• How does Edwards build a sense of horror in his sermon?

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    In his sermon, which he delivered on July 8th, 1741, Jonathan Edwards uses various Bible verses to build a sense of God’s fury and horror toward sinners. First, Edwards refers to Deuteronomy 32:35, which says, “Their foot shall slide in due time.” This is a verse that speaks of God’s vengeance against the wicked and sinful people of Israel. In his sermon, Edwards explains that this verse denotes the level of punishment and destruction that sinful people are bound to experience from God. He builds a sense of horror by further explaining that “such people are always exposed to destruction, just like someone who walks on a slippery ground is exposed to fall.” This means that even if such people do not fall now, their time is bound to come, and nothing can hold them back from experiencing the full force of God’s anger then. The only thing that holds back such people from the wrath of the Lord is His divine mercy, but at one point that will wear off, and they will face destruction.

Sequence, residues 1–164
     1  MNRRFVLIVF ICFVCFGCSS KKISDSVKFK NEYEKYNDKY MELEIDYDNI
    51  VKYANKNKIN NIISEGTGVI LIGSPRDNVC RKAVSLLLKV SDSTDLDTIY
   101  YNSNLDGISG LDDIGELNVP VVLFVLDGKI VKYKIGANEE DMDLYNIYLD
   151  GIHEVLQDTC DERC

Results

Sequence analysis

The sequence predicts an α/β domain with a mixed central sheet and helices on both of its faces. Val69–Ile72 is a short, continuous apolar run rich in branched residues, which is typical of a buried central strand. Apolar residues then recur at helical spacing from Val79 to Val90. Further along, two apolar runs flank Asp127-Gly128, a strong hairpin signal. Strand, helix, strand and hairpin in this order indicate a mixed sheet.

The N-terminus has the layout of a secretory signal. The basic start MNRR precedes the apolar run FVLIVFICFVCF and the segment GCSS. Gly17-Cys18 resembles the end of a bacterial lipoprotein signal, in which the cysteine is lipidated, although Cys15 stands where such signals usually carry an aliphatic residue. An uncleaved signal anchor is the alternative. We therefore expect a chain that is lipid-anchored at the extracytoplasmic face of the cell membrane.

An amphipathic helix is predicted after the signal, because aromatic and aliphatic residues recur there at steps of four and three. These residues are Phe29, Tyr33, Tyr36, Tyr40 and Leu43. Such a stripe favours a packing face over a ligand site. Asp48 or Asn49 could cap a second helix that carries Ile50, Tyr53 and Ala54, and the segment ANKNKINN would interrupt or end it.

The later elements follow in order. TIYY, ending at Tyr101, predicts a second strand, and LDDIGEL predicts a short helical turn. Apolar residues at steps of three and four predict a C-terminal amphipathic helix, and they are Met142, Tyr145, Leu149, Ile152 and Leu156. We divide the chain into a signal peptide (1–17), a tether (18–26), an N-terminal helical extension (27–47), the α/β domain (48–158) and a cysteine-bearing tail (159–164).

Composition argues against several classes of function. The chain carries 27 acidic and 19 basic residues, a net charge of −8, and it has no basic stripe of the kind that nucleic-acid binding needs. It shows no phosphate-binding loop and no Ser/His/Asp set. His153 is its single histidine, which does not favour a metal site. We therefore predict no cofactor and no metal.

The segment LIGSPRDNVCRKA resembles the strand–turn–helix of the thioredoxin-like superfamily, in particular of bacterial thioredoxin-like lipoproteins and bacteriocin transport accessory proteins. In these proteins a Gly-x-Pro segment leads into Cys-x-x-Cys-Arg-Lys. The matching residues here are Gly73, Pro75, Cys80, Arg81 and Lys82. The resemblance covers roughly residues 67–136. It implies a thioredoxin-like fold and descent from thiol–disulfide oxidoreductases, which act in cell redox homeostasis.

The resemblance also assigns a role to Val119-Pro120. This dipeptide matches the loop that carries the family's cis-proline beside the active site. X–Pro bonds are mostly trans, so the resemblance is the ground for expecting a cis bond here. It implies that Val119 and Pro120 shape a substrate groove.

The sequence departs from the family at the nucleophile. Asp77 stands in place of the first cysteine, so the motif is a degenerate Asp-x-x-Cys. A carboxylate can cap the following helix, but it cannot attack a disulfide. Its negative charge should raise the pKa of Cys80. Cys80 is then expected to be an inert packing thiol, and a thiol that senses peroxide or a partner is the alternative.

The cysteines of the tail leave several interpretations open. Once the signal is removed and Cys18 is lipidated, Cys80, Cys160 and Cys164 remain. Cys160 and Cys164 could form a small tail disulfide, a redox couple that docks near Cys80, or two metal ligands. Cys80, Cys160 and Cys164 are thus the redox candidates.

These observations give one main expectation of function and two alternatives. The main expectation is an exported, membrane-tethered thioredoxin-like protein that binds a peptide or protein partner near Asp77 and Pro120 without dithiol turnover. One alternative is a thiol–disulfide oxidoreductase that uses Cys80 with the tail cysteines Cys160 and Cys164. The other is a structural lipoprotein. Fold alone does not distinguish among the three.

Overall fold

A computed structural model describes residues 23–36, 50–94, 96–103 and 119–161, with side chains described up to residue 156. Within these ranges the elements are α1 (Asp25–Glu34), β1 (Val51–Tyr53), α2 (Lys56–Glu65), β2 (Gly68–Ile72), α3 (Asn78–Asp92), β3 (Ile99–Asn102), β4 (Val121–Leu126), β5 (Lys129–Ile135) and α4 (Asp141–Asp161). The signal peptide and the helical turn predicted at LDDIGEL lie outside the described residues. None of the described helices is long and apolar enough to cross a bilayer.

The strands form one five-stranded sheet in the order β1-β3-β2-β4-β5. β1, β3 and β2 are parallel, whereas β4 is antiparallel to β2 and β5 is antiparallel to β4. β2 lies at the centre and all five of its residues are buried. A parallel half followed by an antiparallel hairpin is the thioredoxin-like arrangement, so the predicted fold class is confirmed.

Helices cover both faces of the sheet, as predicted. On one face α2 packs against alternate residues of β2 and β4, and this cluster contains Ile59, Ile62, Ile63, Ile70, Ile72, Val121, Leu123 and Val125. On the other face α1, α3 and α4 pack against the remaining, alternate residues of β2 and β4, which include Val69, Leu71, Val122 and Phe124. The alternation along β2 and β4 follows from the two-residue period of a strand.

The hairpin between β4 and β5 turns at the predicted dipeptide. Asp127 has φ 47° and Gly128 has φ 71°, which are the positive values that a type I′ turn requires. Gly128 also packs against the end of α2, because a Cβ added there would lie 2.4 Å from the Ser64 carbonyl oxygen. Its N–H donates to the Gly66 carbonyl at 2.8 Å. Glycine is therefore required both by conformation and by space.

Edwards further makes reference to Luke 12:4–5, which states, “but I will forewarn you whom you shall fear: fear him who after he kills has the power to cast into hell; yes, I say to you, fear him.” By referring to this verse, Edwards tries to depict the severity of God’s punishment by affirming to the sinners that God not only kills the body but has the power to cast sinners into hell, where the suffering is unfathomable; his punishment does not end at death, like the punishments inflicted by men, but goes on forever. This means that God’s wrath is eternal, which builds on the sense of horror.

    Additionally, Edwards makes reference to Revelation 19:15, which mentions “The winepress of the fierceness and wrath of Almighty God.” He states that these words are quite dreadful and that no one can utter or conceive of what such expressions truly mean. He further builds on the horror that comes with these words by stating that the terms used in Revelation 19:15 depict unimaginable fury toward sinners. This explanation further articulates the level of horror that sinners are bound to face from God. Thus, it is evident that throughout the sermon, Edwards uses various verses from the Bible to build a sense of horror.

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